An Arab scholar, Al-Afif al-Akhdar, writes: "There are two Islams from the period of Mohammed. There is Meccan Islam [referring to Mohammed's period in Mecca], which is a 'Christian' Islam – that is, under Christian influence – and is essentially peace-seeking. The use of violence, even for self-defense, was prohibited. In this Islam, jihad was prohibited. This Islam was the basis for the mystical Sufi movement.”
Most Christians would be shocked by the phrase "Christian Islam" and also by the idea that the earliest form of Islam was nonviolent, to use a modern term. These same Christians are also likely to ignore the passages in the New Testament that present Jesus as an advocate of nonviolence.
Akhdar continues: "When Mohammed was forced to move from Mecca to Medina, a second Islam – jihadist Islam – was born. And it is this Islam that the contemporary terrorists have adopted. To justify the passage from the 'conciliatory' peace of Mecca to the militant peace of Medina, Mohammed told Muslims jihad is permissible only for self-defense [The Pilgrimage, Surah 22:39]: 'To those against whom war is made, permission is given [to fight], because they are wronged.' Mohammed was wronged – he was expelled from Mecca, and the purpose of the defensive jihad is to enable his return." (Ehud Ein-Gil, "The Roots of Jihad," Haaretz, 18 March 2006)
Christians asserted the right of self-defense, after the Roman Emperor Constantine was converted and began to use the church to promote support for imperial rule. This rationalization for violence in the name of all that is holy was soon used by church leaders to suppress heretics and later was employed to justify killing Jews and crusading against Muslims.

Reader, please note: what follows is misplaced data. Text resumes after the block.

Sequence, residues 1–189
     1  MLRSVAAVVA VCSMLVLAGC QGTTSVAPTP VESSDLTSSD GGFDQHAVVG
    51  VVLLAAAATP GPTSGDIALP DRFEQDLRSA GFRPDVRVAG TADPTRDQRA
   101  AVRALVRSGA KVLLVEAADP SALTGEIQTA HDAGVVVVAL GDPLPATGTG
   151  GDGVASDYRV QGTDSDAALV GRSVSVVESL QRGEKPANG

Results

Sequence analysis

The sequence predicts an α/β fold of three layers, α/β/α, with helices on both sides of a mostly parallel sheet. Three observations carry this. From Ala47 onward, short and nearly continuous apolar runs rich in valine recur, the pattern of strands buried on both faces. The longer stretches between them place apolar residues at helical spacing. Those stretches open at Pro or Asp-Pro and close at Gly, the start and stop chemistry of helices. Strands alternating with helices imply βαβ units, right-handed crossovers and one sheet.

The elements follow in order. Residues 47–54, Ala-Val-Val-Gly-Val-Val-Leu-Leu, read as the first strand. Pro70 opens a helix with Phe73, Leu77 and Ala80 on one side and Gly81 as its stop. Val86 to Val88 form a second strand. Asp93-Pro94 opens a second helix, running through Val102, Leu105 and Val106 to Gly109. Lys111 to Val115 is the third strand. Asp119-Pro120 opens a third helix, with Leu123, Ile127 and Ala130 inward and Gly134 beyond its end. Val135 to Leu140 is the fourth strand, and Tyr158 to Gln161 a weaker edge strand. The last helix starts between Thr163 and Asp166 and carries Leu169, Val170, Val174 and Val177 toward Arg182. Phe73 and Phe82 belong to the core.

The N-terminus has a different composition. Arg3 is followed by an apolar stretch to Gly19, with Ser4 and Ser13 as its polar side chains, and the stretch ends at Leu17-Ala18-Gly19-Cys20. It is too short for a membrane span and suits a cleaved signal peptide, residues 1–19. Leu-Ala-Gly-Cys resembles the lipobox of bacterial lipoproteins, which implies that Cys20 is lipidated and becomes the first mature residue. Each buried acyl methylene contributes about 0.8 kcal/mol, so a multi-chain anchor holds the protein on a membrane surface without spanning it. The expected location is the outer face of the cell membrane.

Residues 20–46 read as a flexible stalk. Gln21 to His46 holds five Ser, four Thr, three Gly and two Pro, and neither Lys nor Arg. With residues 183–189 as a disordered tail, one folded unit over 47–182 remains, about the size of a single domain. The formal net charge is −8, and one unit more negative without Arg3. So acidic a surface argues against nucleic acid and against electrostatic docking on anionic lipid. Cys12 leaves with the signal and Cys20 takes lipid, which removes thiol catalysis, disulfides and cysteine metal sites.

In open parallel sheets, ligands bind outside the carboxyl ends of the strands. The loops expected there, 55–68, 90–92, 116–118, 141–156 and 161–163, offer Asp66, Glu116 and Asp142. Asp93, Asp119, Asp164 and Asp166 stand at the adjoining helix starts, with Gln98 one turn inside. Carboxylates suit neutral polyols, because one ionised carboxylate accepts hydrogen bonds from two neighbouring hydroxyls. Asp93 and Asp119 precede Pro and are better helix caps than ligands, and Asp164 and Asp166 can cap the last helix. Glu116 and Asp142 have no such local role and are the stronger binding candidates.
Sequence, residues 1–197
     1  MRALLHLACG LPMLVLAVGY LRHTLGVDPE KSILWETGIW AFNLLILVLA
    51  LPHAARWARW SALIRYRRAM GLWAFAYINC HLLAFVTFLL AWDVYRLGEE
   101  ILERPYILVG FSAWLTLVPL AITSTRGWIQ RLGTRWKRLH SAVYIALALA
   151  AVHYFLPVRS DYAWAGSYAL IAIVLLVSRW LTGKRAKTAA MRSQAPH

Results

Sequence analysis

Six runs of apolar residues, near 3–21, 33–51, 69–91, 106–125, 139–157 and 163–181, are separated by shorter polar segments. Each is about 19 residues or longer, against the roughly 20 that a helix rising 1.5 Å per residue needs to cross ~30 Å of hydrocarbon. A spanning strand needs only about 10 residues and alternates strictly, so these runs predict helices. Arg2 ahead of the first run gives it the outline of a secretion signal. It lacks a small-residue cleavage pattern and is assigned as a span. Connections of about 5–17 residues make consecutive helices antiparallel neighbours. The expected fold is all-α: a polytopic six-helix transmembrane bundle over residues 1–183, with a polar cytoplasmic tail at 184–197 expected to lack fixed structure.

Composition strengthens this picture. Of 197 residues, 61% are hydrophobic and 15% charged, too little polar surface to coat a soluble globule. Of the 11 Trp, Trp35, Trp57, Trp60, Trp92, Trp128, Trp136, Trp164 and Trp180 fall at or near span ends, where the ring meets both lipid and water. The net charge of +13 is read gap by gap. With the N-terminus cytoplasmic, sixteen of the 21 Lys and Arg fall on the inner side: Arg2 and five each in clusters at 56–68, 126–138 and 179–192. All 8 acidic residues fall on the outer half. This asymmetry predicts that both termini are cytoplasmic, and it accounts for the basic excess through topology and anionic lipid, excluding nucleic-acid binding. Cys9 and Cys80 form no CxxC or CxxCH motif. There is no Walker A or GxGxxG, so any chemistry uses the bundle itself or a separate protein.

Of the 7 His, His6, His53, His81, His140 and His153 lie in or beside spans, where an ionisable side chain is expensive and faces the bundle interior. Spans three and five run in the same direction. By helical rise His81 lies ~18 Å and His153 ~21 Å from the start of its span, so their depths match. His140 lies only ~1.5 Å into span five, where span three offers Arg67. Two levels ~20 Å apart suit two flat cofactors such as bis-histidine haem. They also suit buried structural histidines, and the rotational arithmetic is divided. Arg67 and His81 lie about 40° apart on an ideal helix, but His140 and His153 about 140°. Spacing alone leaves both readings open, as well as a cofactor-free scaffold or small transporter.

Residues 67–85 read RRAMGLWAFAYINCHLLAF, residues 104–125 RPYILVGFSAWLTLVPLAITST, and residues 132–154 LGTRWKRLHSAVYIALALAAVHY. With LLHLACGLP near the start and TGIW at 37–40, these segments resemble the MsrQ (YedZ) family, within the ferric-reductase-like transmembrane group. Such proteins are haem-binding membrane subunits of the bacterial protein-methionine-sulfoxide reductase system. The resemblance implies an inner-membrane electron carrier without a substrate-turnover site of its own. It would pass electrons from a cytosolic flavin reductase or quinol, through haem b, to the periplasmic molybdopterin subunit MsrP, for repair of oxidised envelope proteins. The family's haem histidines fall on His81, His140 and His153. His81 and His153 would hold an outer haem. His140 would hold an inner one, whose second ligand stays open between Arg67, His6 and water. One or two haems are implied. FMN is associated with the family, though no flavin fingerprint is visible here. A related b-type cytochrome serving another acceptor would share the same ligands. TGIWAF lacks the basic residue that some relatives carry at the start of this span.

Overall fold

Surely, our desire to characterize the Christian tradition as more peaceful than the Islamic tradition is largely self-serving. We know too little of Islamic history, and we have forgotten too much of Christian history, to make any such comparison. In fact, history reveals that Muslims and Christians have been both peacemakers and warmongers.
Only a minority of Christians and a minority of Muslims believe that the nonviolent imperative initially embraced by the founder of each community of faith is the true Christianity or the true Islam.
Christian and Muslim communities have generally justified the use of violence in self-defense, and often each community has promoted war as a means of extending its influence. Moreover, Christians and Muslims continue aggressively to spread their civilizations throughout the world, and there is no sign that the influence of either tradition will soon decrease. It is too soon to declare what the true Christianity or the true Islam is. Only time will tell.
Therefore, it would be wise to refrain from characterizing either religious tradition in terms of its past or even its present.
Instead, our challenge is to construct a future that draws on the teachings within both traditions that support peacemaking and faith in the power of good. It is fair enough to expect Muslim leaders to do this, if Christian leaders are also take up this challenge in their own religious communities and secular societies.
We should support efforts by our government to secure religious freedom and other human rights for Muslims in countries now ruled by wealthy families and military leaders, so long as such assistance is offered without the threat of violence. Encouraging elections, fair trade, and educational and cultural exchanges can be pursued peacefully in a spirit of mutual benefit and collaboration. Grants and loans to enable countries to invest in the development of democratic institutions make sense, as does support for training police, jurists and other government officials in nonviolent conflict resolution according to the rule of law.